The self-esteem behaviors that are considered to be essential to self-confidence and self-worth have a large share of their roots in the modern world.
In many societies, people value their physical appearance and social standing, while they are less concerned with their mental well-being, says Professor of Psychology Keshav Bhattacharya, an expert in psychology at the National University of Singapore.
The most important traits that are associated with self-respect are self-assurance, confidence, a sense of social responsibility, and selflessness.
These are characteristics that help people in any situation be self-sufficient and to act independently and efficiently.
A new study has found that people who are more confident in their self-perception and more confident of their abilities and skills are more likely to develop the self-sufficiency traits, such as self-efficacy, in their lives.
“Our findings provide a compelling argument that self-regard and confidence are not merely a cultural construct,” says Professor Bhatticharya.
“They are a fundamental human characteristic that is not easily altered.”
Self-esteem is one of the key factors that determine a person’s level of confidence in their abilities, which are crucial in daily life.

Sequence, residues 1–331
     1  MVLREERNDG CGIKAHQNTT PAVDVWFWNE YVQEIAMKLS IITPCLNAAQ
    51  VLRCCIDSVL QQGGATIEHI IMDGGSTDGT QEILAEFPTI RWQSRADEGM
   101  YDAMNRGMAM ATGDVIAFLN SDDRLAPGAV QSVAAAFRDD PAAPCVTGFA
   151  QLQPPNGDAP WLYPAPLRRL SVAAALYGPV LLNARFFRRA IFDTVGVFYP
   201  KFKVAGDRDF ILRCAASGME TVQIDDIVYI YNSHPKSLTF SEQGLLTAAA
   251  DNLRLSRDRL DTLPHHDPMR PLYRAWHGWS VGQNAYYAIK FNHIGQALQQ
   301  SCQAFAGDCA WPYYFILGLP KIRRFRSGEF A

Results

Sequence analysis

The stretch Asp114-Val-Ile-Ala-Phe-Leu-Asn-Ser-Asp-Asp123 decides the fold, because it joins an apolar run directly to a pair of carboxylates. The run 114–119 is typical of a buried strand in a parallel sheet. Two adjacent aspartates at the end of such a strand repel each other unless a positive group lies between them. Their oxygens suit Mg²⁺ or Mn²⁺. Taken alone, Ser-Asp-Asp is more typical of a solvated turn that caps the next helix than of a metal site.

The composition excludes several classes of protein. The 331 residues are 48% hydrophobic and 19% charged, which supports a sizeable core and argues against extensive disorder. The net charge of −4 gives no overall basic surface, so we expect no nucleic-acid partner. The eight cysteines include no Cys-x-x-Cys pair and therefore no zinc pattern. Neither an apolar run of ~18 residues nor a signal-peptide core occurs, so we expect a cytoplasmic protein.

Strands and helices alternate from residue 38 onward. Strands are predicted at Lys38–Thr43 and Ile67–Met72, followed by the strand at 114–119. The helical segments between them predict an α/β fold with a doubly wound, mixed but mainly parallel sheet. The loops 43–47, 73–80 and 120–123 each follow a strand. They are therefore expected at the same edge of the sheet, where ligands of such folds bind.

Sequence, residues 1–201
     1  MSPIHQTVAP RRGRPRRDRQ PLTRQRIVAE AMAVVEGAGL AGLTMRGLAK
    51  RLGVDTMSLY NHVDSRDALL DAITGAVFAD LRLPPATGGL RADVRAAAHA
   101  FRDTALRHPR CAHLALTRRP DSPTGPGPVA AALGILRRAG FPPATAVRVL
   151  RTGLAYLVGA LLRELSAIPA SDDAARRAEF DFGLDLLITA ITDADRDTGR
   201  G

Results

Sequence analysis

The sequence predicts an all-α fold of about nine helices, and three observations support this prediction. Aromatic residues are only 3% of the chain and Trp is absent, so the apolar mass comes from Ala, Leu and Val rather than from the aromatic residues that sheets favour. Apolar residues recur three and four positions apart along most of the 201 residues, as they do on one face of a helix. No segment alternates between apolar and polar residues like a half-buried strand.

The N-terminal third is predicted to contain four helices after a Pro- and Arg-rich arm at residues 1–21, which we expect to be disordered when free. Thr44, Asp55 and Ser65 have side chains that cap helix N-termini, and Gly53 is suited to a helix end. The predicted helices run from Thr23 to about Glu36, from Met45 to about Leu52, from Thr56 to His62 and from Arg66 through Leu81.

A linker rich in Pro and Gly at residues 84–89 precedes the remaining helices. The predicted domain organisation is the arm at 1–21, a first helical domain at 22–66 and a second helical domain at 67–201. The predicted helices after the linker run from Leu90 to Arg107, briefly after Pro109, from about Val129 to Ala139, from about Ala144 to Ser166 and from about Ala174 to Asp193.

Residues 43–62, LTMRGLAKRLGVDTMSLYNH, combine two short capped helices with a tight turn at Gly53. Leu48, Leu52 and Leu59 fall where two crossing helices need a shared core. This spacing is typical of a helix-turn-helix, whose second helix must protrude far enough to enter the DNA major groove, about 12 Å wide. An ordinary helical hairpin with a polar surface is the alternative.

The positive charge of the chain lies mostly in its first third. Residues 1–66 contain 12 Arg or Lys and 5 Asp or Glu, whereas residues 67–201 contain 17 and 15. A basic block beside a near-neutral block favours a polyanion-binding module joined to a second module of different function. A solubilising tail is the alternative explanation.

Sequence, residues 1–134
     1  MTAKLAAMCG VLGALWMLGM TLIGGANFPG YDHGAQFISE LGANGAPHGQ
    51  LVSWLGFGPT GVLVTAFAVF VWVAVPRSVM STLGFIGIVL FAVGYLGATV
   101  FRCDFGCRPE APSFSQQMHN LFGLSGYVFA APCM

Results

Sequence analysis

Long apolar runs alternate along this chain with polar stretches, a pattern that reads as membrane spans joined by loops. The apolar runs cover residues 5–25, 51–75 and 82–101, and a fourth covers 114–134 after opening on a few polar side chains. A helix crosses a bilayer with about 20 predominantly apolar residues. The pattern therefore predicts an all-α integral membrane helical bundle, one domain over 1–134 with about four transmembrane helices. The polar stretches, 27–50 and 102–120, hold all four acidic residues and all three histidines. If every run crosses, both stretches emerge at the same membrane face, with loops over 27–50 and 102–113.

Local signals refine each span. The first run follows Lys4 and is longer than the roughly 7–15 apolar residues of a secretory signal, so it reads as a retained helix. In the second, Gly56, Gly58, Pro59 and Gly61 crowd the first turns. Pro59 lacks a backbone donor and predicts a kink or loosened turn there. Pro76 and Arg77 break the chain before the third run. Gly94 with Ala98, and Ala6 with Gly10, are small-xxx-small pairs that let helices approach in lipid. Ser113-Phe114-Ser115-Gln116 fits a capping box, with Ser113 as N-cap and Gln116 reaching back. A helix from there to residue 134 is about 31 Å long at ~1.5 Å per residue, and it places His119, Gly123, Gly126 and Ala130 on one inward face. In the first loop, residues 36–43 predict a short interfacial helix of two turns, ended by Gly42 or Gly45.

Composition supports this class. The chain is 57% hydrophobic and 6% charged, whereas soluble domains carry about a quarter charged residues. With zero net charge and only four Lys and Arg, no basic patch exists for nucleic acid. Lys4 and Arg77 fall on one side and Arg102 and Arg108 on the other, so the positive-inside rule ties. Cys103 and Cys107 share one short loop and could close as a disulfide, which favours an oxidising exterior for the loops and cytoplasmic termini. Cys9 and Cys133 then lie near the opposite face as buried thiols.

It is a trait that is thought to be correlated with a person being able to identify with their self and act accordingly.
“A person who is self-conscious and insecure may not be able to take responsibility for their own actions, for example, when they feel they have to protect their partner, which can result in poor mental health,” says Dr Keshava Bhatta, a researcher at the University of Texas at Austin.
Self-confidence can be a crucial factor in a person feeling more confident.
“Self-assured people have more confidence than people who have low self- esteem,” says Bhattay.
“This can be seen in the study where the participants were rated on a scale that assessed their self confidence, but the self esteem score was not linked to self confidence.”
In the study, the participants who scored higher in self-stigma and lower in self esteem were less likely to report feeling confident in themselves.
The researchers say that is because self-control is a key factor that helps a person control their behaviour and thoughts.
“If a person is anxious about their behaviour, they are more prone to behave impulsively,” says Sathish Vora, an associate professor at the Graduate School of Business at the Australian National University, who was not involved in the research.
“This can lead to negative consequences such as a person failing to control their impulses, or having more anxiety about their appearance and self esteem.”
The researchers found that self esteem is linked to positive attitudes, such that higher levels of self-estimators and less self-directed people are more successful in their careers.
The study, which was published in the journal Psychology of Research, was funded by the Australian Research Council, National Science Foundation and Australian Research Board.